Factors that influence the Thickness of a Heel Pad

Weight, age, gender, the form of the calcaneum, and the size of the heel pad are all factors that might affect the thickness of the heel pad. With aging, the heel pad’s capacity to absorb stress has been discovered to decline.7 This might be related to the degeneration of fibrous structures and fat in the heel pad, which could be a result of biological changes in material qualities as people age. Under stress, the internal cell compartments of the heel pad break down, allowing for local bulging and displacement, resulting in a thinner pad. Children’s heel pads have been observed to have a lower shock-absorbing capacity than adults’.8 Adults and children may have different body weights, effective mass involved during heel strike, muscle function, and muscle utilization, according to Kuo and Donelan.9 As a result, the shock absorbency of a child’s heel pad may not necessarily be inferior to that of an adult, but rather reflect the child’s motion. The characteristics of the heel pad have previously been shown to be sex-dependent. It is possible that men’s thicker heel pads are related to higher levels of growth hormones.10 According to Steinbach and Russell, there was a substantial variation in the heel pad thickness between subjects with acromegaly and normal Caucasian males.11 Increased levels of estrogen in women can influence the rigidity of fibrous tissues, causing ligament instability in some ligaments. Previous studies have found that there are racial disparities in heel pad thickness.12 According to research, a 35–400° dorsiflexion of the first and second toes can regulate up to 50% of individual variations in skin mobility.1 Increased skin density, such as that found in athletes’ calloused skin, can enhance the thickness and stiffness of the heel pad. Increasing the thickness of the heel pad does not improve stress absorbance, and because calloused skin is harder and less flexible, it may potentially restrict the function of the internal ligamentous system, lowering shock absorption and function.13,14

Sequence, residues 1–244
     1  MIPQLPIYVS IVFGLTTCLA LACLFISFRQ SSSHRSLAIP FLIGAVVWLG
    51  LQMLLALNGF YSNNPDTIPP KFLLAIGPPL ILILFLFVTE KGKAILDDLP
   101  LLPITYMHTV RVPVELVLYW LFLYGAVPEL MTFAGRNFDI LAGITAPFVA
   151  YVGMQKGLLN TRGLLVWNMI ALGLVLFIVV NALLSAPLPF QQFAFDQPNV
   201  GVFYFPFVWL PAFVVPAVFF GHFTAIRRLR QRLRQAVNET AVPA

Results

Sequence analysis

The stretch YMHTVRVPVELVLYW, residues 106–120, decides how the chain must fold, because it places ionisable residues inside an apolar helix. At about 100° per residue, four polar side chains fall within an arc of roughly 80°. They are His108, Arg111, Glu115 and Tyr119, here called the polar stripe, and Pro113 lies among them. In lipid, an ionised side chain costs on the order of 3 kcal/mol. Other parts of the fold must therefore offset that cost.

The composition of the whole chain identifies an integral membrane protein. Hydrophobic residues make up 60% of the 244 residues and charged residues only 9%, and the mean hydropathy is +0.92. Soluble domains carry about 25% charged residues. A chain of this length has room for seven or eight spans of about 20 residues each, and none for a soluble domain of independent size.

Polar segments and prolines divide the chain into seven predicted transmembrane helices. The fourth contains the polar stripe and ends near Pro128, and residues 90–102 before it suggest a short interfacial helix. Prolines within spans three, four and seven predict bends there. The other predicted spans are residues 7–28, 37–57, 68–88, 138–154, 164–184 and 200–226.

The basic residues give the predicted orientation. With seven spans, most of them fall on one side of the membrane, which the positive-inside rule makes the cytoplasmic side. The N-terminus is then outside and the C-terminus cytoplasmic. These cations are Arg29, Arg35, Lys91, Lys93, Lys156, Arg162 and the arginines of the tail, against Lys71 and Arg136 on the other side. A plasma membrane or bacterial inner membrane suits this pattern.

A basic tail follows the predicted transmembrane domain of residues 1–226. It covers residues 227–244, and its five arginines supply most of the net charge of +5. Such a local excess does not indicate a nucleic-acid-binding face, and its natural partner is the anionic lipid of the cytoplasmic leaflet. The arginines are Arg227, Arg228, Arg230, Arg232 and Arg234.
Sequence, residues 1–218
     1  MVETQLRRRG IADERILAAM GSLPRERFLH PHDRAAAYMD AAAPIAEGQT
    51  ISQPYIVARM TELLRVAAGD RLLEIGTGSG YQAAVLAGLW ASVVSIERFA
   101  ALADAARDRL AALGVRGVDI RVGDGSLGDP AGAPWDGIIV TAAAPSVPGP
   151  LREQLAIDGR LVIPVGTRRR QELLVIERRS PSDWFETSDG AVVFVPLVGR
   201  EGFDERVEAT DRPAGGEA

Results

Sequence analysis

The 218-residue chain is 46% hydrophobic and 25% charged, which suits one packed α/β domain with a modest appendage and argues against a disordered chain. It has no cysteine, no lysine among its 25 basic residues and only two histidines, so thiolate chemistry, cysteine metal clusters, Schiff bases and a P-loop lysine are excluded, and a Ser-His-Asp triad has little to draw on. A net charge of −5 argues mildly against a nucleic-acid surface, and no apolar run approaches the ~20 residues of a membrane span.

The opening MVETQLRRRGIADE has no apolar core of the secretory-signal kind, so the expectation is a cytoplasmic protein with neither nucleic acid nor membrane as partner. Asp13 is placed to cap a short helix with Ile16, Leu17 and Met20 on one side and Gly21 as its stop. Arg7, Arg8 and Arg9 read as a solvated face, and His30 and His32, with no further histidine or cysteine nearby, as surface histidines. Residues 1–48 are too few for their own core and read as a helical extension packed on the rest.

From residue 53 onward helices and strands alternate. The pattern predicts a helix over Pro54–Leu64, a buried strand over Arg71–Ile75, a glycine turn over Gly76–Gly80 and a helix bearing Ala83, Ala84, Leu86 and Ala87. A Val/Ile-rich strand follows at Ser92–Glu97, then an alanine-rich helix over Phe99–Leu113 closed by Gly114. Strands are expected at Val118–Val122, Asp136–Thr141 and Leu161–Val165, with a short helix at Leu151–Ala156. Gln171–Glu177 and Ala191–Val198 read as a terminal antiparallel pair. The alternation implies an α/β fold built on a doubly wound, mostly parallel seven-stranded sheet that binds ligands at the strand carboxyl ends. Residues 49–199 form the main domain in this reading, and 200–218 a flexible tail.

Different Measurement Methods of Heel Pad Thickness